AIRMEN SURVIVE MOTORCYCLE CRASH THANKS TO PROTECTIVE GEAR, WINGMEN
By Senior Airman Kenneth W. Norman
97th Air Mobility Wing Public Affairs
ALTUS AIR FORCE BASE, Okla. — "When I woke up in the ambulance, the paramedic took my helmet, shoved it in my face and said, 'If you hadn't been wearing this, we would be scraping your brains up off the pavement.' "
Photo of Maj. Adam Travis
As the reality of those words sunk in, Maj. Adam Travis, 97th Air Mobility Wing flight safety officer at Altus Air Force Base, realized that fateful ride on Jan. 15, 2012, easily could have been his last. As a matter of fact, across the Air Force from October through February 2012, there had been 228 motorcycle mishaps, 17 of which were fatalities or led to total disability. Had Travis and another Altus Airmen not worn the proper personal protective equipment, they likely would have been numbers 18 and 19 on the victim list.
Travis and Master Sgt. Lee Adkins, Headquarters Air Mobility Command KC-135 Air Training Squadron Quality Assurance manager, were riding their motorcycles in a group of five riders nearly three miles south of the city of Altus. That's when Adkins, who was driving at 70 mph, collided with a tumbleweed and was thrown from his bike, which, in turn, caused Travis to crash.
"I saw a huge tumbleweed out of the corner of my eye in the median," Adkins said. "I thought we were going to pass it because we were going 70 miles an hour. … That is the last thing I remember."
As soon as the group's lead rider passed the tumbleweed, it rolled out into the road in front of Adkins.
"It looked like it hit his front wheel and exploded," said Staff Sgt. Michael Fagan, 54th Air Refueling Squadron formal training unit instructor and the last rider in the group. "(Adkins) goes down and then by reaction Travis locked up his brakes and went down."
Adkins and Travis had been riding in the second and third positions of the group.
"The last thing I remember seeing was this giant tumbleweed that was the size of a kitchen table come rolling out on the road as Leroy was driving through it," Travis said. "I woke up in the ambulance for about 30 seconds, and then I woke up in the hospital a couple hours later. That is about all I really remember of it.
"We were doing the speed limit. We were all far enough apart from each other. … We just had an unfortunate situation pop up."
Both riders suffered injuries.
"I was wearing jeans, riding boots, leather jacket, gloves, smash resistant glasses and a helmet," Adkins said. "I was wearing a helmet and still fractured my skull. I had a brain bleed, shattered my forearm — had to have surgery on that, two plates, 12 screws — four broken ribs, punctured lungs, lacerated liver, torn medial collateral ligament, huge abrasion on the right side, which has had three surgeries, and a lot of ligament damage."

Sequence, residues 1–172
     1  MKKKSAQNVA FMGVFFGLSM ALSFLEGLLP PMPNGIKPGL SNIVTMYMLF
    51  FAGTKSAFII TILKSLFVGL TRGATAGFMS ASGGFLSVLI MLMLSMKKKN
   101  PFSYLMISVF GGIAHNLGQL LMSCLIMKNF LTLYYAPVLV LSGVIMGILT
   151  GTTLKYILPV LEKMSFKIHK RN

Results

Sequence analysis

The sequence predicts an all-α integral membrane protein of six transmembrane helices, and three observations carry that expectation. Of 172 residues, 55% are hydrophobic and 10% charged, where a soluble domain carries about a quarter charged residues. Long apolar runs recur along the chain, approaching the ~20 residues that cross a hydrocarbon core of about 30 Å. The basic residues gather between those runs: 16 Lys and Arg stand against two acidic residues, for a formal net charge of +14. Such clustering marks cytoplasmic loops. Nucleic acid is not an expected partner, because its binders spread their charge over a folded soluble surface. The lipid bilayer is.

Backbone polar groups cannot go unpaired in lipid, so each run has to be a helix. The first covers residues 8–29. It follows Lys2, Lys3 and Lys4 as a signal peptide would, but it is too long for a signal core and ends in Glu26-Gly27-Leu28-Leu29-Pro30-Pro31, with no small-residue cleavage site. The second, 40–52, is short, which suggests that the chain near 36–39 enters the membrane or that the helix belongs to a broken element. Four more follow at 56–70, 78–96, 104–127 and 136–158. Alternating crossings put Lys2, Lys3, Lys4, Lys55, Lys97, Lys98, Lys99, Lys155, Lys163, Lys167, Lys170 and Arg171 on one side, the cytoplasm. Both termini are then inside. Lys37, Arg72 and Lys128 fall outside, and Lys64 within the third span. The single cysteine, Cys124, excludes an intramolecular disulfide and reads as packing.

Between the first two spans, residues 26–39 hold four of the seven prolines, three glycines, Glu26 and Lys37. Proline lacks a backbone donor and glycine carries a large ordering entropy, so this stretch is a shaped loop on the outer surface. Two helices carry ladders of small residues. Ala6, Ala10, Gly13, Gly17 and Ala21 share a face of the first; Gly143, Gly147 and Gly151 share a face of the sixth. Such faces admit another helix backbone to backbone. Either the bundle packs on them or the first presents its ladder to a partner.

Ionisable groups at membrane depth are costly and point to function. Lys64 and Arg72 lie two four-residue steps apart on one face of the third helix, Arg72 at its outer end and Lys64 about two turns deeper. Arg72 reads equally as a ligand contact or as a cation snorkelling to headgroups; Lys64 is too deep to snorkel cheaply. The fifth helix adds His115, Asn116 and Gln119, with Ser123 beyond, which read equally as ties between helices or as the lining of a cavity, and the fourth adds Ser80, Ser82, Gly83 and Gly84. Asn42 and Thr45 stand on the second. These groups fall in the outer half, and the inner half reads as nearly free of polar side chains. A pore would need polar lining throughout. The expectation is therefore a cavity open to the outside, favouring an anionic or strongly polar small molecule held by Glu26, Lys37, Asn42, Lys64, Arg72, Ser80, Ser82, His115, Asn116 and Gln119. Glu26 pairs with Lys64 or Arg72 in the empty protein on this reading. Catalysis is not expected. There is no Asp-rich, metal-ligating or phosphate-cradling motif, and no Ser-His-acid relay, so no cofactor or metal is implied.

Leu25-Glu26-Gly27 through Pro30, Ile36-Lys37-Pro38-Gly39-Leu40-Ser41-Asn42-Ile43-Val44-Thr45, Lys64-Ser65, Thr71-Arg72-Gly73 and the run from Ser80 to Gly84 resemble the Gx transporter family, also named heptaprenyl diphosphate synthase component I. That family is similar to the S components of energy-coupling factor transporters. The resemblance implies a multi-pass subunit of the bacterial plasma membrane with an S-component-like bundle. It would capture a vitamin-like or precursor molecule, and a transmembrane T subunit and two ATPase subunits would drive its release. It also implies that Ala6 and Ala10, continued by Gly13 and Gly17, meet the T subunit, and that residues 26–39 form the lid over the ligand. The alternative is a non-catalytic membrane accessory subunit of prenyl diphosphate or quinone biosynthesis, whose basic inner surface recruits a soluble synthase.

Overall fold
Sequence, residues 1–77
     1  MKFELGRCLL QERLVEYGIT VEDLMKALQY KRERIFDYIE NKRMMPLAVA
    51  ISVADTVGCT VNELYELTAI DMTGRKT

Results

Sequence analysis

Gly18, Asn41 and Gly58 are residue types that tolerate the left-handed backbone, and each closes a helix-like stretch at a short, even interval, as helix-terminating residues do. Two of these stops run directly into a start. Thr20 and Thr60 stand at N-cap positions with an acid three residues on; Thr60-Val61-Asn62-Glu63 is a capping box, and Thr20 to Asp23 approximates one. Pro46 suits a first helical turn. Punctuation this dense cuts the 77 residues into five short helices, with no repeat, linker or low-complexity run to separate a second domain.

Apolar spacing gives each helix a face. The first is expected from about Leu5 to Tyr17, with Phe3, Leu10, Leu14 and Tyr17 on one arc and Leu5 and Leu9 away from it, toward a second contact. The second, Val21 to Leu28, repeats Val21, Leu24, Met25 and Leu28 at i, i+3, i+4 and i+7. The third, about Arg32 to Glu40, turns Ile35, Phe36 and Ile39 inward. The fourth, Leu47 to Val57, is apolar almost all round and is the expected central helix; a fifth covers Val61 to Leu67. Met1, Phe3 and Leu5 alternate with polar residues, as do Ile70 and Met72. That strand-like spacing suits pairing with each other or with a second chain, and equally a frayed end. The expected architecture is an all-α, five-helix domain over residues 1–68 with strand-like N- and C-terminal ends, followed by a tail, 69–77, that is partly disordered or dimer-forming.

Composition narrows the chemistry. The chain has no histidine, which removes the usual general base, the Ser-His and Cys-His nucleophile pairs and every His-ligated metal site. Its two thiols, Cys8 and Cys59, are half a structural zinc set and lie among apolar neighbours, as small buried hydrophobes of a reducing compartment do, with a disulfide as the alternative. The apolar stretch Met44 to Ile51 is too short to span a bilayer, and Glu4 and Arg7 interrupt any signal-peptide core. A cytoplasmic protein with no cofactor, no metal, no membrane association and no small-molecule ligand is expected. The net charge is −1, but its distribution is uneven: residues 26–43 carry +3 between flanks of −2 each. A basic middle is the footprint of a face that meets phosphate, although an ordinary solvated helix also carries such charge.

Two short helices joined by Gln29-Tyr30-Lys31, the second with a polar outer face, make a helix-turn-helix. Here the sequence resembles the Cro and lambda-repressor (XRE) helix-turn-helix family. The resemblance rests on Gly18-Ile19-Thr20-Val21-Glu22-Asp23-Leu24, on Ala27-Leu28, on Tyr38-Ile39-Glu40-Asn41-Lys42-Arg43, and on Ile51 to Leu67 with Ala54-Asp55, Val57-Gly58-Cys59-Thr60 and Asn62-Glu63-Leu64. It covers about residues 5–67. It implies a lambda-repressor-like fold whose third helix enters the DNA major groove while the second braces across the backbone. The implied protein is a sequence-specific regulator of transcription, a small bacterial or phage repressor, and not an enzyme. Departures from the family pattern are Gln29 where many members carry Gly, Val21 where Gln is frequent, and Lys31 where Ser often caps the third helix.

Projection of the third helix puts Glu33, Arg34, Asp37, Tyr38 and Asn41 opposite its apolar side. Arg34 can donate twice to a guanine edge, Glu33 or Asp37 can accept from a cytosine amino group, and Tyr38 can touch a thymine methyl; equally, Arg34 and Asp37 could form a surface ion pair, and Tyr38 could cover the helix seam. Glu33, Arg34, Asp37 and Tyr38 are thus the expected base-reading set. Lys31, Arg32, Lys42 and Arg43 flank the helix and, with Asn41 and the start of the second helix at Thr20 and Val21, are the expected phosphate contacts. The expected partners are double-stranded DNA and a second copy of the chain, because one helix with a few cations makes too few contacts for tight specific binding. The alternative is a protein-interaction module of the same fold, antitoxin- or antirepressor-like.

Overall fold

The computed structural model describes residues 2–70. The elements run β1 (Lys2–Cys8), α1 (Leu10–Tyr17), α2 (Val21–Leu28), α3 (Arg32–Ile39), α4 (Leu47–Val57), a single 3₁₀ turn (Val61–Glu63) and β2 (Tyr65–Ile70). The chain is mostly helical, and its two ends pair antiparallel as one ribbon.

Adkins found out after the accident that emergency responders thought they might find him dead on arrival.
"If it wasn't for the (personal protective) gear, I wouldn't be talking to you right now," Adkins said.
Travis was wearing a full-face helmet made of carbon fiber. At some point during the accident he flipped over and started sliding on his face. The helmet still has pieces of tumbleweed embedded into it.
"My jacket, gloves, pants, boots and helmet — all of it got destroyed," Travis said. "And the only thing I have to show for it is a tiny little scar on my thumb and backside from road rash. (My gear) absolutely kept me from dying."
Personal protective equipment wasn't the only factor that saved Travis and Adkins. Staff Sgt. Lamar Daniel, 97th Training Squadron KC-135 Formal Training Unit evaluator boom operator; Christopher Massey, Northrop Grumman site support for the Graduated Training Integrated Management System, and Fagan, were the other members of the riding group, and they immediately controlled the scene after the crash.
Once Adkins and Travis stopped rolling down the road, the other three riders ensured they did not move and blocked the road off.
"Either of us could have had a spinal injury; so if they had allowed us to get up or let someone else move us, it could have been bad," Travis said.
"I know that I am here today because of those guys," Adkins said. "PPE and the wingman concept really did come into play."
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With his right arm and his helmet still showing the scars of his crash, Master Sgt. Lee Adkins, of Altus AFB, Okla., credits his protective gear, wingmen and emergency services for saving his life after crashing his motorcycle in January 2012. He had to have surgery on his forearm, which needed two plates and 12 screws to fix. He also suffered brain bleed, four broken ribs, punctured lungs and a lacerated liver, to name a few of his worst injuries.